... accused herein is a Patrolman of the Integrated National Police Force of Caloocan City and assigned with the jail section thereof. On March 27, 1980, when he reported for work, he was directed by his superior, Corporal Victor Victoriano, officer-in-charge in assigning police officers to escort prisoners, to escort Zenaida Sacris deadline Andres, a detention prisoner, before the sala of Judge Bernardo Pardo of the Court of First Instance, Br.XXXIV, located at the Genato Building, Caloocan City, to face trial for an alleged Violation of the Dangerous Drugs Act of 1972, as the policewoman officer who was supposed to escort the said detainee was then sick. He and the detainee proceeded to the court building and arrived thereat between 8:30 and 9:00 o'clock in the morning. while waiting for the arrival of the judge at the courtroom, Pat. Orlando Andres, who happened to be in the court and a relative of the husband of said detention prisoner Zenaida, approached the accused and requested the latter if he could permit Zenaida to talk to her husband. The accused consented and Zenaida Andres had a short talk with her husband. After a short while, the presiding judge deferred the decision against her because of a new Presidential Decree revising some provisions regarding violations of the Dangerous Drugs Act.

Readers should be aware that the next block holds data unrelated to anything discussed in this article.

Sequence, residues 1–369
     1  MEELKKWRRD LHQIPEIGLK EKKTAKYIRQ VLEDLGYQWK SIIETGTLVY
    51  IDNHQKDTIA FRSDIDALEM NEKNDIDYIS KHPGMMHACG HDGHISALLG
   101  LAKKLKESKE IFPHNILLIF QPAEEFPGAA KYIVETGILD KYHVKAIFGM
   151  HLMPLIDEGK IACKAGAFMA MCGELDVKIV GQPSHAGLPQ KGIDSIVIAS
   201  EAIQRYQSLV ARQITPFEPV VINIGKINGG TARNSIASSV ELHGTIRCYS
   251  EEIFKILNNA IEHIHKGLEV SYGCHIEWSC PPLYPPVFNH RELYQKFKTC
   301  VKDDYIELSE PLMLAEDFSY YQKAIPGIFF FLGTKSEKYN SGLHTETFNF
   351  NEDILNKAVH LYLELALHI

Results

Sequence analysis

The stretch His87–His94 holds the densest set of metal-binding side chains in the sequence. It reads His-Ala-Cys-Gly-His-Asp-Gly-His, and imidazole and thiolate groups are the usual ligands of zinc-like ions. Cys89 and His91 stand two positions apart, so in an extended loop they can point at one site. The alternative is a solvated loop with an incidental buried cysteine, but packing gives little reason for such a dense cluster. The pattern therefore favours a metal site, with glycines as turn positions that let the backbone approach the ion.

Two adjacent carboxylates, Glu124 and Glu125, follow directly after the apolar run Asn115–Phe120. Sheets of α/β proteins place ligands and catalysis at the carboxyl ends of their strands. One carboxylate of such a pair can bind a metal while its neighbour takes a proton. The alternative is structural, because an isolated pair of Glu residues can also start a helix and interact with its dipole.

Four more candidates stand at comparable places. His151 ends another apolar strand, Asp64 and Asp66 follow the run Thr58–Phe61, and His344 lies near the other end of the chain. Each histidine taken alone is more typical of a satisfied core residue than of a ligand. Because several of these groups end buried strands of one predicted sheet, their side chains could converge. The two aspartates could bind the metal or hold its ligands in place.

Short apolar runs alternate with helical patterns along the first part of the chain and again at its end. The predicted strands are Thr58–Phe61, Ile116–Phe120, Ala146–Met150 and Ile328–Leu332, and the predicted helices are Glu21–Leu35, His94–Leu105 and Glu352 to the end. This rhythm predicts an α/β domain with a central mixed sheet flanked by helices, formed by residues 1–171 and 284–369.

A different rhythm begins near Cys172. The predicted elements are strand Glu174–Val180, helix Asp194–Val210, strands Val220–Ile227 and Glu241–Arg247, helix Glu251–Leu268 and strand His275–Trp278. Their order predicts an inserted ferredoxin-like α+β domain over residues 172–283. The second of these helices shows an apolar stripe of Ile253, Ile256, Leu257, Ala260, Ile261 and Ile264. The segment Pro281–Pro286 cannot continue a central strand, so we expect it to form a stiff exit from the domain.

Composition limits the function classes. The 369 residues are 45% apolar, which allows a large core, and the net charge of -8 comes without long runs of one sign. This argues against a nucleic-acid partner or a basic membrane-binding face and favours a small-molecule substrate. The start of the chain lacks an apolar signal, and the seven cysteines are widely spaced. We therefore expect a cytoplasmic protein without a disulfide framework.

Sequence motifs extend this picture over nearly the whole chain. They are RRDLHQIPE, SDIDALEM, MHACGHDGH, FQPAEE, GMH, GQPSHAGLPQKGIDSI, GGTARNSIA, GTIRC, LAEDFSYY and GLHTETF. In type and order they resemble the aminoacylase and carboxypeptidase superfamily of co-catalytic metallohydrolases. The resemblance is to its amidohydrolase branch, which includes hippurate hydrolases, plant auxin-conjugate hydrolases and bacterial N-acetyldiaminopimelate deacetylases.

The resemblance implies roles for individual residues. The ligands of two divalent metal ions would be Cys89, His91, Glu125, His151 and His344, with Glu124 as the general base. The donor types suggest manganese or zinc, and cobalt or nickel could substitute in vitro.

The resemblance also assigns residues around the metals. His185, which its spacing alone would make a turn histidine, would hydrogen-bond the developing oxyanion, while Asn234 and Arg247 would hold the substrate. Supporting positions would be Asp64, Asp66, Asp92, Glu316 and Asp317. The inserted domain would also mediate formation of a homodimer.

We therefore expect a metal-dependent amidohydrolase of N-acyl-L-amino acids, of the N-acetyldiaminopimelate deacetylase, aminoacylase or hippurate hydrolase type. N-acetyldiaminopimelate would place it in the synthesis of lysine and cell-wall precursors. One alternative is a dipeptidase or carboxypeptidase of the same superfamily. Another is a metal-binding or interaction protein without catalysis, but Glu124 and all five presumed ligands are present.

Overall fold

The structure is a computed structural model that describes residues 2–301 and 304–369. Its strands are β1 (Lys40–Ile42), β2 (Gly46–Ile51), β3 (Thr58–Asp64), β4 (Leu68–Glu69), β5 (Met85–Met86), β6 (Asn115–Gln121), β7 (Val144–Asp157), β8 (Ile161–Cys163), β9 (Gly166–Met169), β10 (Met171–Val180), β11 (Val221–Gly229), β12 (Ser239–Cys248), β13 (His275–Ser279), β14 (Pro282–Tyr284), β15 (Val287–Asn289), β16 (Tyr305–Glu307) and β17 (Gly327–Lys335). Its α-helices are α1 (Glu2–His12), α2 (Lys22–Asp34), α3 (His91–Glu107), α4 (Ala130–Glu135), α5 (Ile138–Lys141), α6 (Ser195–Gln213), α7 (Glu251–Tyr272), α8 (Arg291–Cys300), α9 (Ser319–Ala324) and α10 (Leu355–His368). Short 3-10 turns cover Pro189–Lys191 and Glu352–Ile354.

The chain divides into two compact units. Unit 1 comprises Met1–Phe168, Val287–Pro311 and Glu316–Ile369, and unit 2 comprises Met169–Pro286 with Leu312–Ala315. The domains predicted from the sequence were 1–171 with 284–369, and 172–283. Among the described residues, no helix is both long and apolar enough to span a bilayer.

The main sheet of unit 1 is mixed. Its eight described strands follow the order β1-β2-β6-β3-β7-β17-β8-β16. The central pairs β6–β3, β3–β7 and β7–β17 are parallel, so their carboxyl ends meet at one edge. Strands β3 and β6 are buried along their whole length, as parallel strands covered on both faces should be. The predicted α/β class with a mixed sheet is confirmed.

After the court had already adjourned, the husband of Zenaida requested the accused to allow them to have lunch as they were already very hungry. He consented to the request and they proceeded to the canteen located at the mezzanine floor of the court building (Exhibit 1).<äre||anº•1àw> He took a seat beside Zenaida and Pat. Andres while the relatives of said detainee were seated at a separate table. While eating, the husband of Zenaida asked him if he could accompany his wife to the comfort room as she was not feeling well and felt like defecating. The accused accompanied Zenaida and a lady companion to the ladies' comfort room located at the second floor of the building (Exibit 2). Zenaida and her lady companion entered the comfort room, while he stood guard along the alley near the ladies' comfort room facing the door thereof (Exhibit 5). Not long after, the lady companion of Zenaida came out of the comfort room and told him that she was going to buy sanitary napkins for Zenaida as the latter was then bleeding and had a menstruation and could not go out of the comfort room.